In focusing on the above concepts, I can apply this combination of self-compassion, self-confidence, rationality, and an optimistic and positive mindset, to examine a given area of my life in a manner that enables me to provide myself with a supportive and encouraging inner-voice. Without this, I would be limited to the biased and narrow-minded viewpoint that the cult of self-esteem has doomed so many of us to.

It’s troubling to me that the cult of self-esteem places self-image and self-worth on a pedestal – for the problem is not in building lasting overconfidence, but that this inflated sense of worth (a bubble if you will) inevitably bursts once an adult faces a world devoid of the teachers, parents, and suitors who for so long held their ego up in an unsustainable light.

This video illustrates this concept perfectly:

Maybe we all need a little tough love mixed with unconditional self-acceptance in order to shake off some of the vain baggage and insecurity that self-esteem has wrought so many of us with.

Fuck self-esteem. Ah, doesn’t that feel good to say. Seriously, the more you demistify the constructs of society that are designed to provide you with unsustainable and worthless pleasures, the more you can free yourself to pursue the kind of lasting fulfillment and self-worth that no one can ever deny you – least of all yourself.

I’m reminded of a zen proverb (ahem, sorry – ‘Ancient Toltec Wisdom’) from the book The Four Agreements, in which author Don Miguel Ruiz states that we should take nothing personally, in other words – someone should be able to tell us we are the best person in the world, or the worst, and either should mean nothing to us.

I’m not telling you to abandon the positive feeling of approval, but the conversation you have with yourself, is far more important than the conversation you have with others.

And as I read this morning in The Pythagorean Sentences of Demophilus, written over 2,400 years ago:

“Consider both the praise and reproach of every foolish person as ridiculous”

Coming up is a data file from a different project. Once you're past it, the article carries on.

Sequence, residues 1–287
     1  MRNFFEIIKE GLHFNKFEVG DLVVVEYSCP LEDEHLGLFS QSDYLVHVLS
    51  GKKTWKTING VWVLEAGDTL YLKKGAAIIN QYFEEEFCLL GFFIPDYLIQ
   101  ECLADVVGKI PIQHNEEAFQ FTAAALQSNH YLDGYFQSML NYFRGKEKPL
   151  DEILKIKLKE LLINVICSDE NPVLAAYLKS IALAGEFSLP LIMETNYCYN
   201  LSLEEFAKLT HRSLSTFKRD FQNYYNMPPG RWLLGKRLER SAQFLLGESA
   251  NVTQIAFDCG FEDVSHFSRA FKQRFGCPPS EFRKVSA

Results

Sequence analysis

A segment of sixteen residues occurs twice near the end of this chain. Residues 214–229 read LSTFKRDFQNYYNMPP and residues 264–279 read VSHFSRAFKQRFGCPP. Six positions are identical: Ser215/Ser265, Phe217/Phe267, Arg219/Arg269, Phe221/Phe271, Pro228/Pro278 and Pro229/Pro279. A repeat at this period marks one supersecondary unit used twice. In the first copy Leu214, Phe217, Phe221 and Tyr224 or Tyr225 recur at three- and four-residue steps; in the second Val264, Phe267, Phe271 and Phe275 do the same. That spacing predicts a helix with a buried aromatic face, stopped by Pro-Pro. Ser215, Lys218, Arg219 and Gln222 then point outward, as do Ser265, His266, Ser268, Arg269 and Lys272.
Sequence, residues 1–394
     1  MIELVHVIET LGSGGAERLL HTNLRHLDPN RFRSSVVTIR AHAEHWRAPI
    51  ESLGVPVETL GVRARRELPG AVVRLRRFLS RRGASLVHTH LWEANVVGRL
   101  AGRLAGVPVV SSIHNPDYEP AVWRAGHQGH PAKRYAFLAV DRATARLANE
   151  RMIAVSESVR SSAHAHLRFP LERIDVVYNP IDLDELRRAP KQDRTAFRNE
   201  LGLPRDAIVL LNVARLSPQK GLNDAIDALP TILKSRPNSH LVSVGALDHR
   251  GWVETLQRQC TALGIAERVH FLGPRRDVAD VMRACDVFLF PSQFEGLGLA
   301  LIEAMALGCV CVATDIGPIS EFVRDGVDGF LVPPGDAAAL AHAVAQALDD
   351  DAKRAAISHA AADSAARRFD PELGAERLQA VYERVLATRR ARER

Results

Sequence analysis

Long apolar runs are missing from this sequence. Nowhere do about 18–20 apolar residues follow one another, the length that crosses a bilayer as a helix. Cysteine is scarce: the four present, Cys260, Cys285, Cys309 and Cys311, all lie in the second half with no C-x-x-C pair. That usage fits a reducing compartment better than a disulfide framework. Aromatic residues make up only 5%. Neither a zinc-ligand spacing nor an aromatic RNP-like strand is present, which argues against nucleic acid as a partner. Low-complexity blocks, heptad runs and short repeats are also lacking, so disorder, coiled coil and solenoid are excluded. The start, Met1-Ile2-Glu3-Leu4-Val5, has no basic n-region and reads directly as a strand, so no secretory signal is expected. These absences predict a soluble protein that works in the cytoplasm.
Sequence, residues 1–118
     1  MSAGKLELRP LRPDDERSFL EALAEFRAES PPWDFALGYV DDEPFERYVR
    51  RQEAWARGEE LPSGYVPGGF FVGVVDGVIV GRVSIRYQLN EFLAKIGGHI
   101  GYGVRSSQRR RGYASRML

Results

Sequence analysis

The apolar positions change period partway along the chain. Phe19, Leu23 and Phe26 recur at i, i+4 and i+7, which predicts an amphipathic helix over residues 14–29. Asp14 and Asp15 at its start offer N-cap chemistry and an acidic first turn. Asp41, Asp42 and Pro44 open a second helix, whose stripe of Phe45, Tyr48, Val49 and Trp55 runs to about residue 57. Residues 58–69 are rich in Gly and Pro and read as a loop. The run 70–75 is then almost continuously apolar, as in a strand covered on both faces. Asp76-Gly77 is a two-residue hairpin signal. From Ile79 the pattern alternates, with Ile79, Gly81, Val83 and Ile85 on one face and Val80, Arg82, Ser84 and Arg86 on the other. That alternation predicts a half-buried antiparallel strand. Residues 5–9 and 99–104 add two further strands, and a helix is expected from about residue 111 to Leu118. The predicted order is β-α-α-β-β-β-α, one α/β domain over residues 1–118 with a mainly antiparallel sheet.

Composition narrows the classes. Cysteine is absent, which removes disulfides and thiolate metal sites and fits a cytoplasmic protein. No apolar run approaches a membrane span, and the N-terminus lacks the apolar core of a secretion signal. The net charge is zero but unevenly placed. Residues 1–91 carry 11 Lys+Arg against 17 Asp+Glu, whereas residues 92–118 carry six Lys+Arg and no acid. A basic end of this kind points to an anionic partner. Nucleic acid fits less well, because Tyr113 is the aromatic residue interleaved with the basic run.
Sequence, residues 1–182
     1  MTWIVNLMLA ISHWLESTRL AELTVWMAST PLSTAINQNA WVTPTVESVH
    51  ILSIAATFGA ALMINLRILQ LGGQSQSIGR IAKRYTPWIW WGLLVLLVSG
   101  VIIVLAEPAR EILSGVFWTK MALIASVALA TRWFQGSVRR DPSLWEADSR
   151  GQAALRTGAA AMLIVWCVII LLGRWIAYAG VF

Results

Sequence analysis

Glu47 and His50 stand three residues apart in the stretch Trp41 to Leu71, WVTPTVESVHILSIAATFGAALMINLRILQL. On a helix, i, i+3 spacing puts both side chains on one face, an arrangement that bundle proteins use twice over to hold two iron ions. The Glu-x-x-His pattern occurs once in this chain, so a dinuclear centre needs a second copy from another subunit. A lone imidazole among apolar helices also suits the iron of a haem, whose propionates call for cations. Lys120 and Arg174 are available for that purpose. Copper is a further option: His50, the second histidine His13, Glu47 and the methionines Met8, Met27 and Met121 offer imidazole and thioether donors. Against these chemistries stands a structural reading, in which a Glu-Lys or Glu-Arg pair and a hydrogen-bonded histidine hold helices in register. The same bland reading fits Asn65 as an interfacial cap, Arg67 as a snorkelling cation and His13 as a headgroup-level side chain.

In short, do not derive your own worth from the appraisal of others.

Now, I task you with reading the Wikipedia entry on self-esteem and thinking for yourself as you read it – maintaining objectivity as you review the widely held notions on self-esteem, and the overwhelming societal and intellectual value of self-esteem as a whole.

It would seem to me that any rational human being with a healthy self-confidence should realize what an absurdly maladaptive practice it is to subscribe to the idea that positive self-esteem is something we should aspire to be able to posses.

It is your right – it is your duty – to feel good about who you are, to love yourself with compassion, to be rational, and to be optimistic and positive about your present and future potential.

I will leave you with the image of a raccoon. Do you think the raccoon denies himself the fulfillment of his nature, his raccoonness? Do you think the raccoon is thinking he is not worthy of being good at being a raccoon and having what he deserves and wants? Do you think the raccoon lets anyone else deny him of that? Hell no. So why the hell would you as a human do any of this? Oh that’s right, because you’re human and other humans told you that your value was dependent upon certain conditions, and that if you didn’t meet those conditions, then you weren’t good. Right now I want you to claim your value back; reclaim your innate worth that existing as a unique living being entitles you too. Don’t subscribe to the idea that someone else’s opinion of you has to become your reality. Because ultimately that’s what subscribing to the cult of self-esteem is signing you up for. If your reality doesn’t dictate the world, the world will dictate your reality – stop giving self-esteem that power over you. Internalize the rational animal confidence into your psyche, and stop following the cult of self-esteem that so many humans buy into.

Am I anti self-esteem? You betch’ur raccoon ass I am. I am rational, self-loving, confident, healthy, optimistic, and positive minded – and I would never let someone or something else decide what I am worthy of feeling, accomplishing, or possessing. That would be [thinking I need self-esteem to be worthy would be] madness for a raccoon king like me.

I'm a Raccoon King

Art credit.

 

The Big Four: How The Navy Seals Effectively Combat Fear